Hello everybody!
Recently while i was experimenting with some code written in c++ i noticed something that confused me a bit. In that code i had to deal with 2 structs :

struct date
    string day;
    int month; 
    int dday;
   int year; };

and the other struct

struct note
     date d;
     string notice;  };

I noticed that when i was passing in a function i built, an instance of note struct as a pointer parameter my program kept crashing continuously, although compiler wasn't complaining. To make myself clear :

void myFunction(note* n, ...other parameters...)
    cout << n->d.day << endl;
   cout << n->d.month << endl;

I'm sure that my program crashed because of that piece of code


i'm sure because i tested it in debug mode.
When i wrote my function differently i had no problem running my program :

void myFunction(note& n, ..other parameters...)
    cout << n.d.day << endl;
    cout << n.d.month << endl;

Has anyone got an idea why the pointer parameter and the arrow
caused that problem? Looking forward to reading your ideas and thoughts...Thank you in advance for your time...


7 Years
Discussion Span
Last Post by iJimJones

Thank you very much tux4life, it didn't even cross my naive mind...



Thanks God, -> and . have the same precedence and associativity.
The OP example with a pointer parameter works fine in VC++ 2008.
Diagnosis: insufficient info ;)


As already pointed out, the . and -> have the same precidence. Also, they are L-to-R associative, so you did not need the parenthesis (other than to make it simpler to understand).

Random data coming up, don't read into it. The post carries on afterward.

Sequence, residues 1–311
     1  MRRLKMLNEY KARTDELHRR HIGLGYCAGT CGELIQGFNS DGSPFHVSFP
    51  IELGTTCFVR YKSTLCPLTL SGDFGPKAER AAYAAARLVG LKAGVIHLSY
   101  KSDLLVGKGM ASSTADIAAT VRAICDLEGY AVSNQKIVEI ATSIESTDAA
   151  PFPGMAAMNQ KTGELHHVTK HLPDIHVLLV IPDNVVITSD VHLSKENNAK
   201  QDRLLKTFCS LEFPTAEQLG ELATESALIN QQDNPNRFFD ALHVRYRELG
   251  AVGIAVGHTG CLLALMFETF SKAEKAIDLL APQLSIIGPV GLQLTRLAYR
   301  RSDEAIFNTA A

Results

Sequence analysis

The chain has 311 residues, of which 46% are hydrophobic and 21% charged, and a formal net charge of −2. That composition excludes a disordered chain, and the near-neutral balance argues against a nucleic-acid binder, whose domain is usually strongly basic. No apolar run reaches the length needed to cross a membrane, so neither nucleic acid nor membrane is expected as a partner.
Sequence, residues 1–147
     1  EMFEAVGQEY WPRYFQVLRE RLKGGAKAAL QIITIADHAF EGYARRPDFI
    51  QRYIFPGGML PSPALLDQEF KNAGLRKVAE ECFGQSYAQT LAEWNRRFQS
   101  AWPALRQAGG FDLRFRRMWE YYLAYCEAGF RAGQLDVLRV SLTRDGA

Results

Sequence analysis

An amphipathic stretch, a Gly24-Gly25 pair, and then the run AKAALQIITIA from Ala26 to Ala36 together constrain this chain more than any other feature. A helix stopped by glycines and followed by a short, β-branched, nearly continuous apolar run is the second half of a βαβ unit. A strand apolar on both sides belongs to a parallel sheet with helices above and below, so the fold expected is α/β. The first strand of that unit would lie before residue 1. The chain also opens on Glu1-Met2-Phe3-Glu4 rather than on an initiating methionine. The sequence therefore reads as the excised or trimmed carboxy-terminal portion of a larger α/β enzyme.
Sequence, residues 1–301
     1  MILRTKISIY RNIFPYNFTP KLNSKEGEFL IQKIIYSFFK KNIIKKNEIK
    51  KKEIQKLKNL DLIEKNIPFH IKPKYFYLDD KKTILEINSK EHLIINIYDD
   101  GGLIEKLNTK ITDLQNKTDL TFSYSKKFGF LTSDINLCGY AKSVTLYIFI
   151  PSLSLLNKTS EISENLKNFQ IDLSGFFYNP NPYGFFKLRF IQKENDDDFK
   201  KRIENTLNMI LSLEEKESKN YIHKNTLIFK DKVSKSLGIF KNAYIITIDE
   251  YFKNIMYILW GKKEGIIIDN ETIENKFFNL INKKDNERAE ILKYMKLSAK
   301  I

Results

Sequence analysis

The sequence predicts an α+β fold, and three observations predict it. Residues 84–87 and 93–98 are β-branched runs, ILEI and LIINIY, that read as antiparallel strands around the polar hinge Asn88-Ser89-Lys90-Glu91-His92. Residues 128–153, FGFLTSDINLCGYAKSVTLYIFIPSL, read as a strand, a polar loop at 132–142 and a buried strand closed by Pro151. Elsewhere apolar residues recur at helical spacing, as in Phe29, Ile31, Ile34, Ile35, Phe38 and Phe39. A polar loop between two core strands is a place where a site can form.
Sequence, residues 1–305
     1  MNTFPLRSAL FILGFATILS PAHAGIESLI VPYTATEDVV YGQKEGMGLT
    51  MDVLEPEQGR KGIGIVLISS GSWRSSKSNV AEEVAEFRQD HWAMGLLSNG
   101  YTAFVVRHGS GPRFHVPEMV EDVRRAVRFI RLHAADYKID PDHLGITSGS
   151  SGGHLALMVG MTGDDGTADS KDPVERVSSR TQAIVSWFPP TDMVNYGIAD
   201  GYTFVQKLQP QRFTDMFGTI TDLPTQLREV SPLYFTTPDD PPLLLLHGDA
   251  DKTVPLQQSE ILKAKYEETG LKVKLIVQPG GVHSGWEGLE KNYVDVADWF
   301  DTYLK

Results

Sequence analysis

It looks to me like your function header is using old-fashioned C method for passing something "by reference", but I am guessing that the function call is not doing its part.

function myFunc (struct note *x) // C style - x is ptr to a struct note

struct note n;
myFunc(&n); // C style - pass a copy of ptr to n

C++ provides a way to avoid the reference/dereference dance on the function call/function definition that we had to do in C to simulate "call-by-reference". It did so by introducing the prefix operator, &, for parameters in the parameter list of the function definition to mean call-by-reference. This has a different meaning than other contexts for a unary-& (such as the one above in the function call argument). C++ was able to introduce this new way to use the & because the unary-& was invalid (in C) in a parameter list so there was no ambiguity in adding this.

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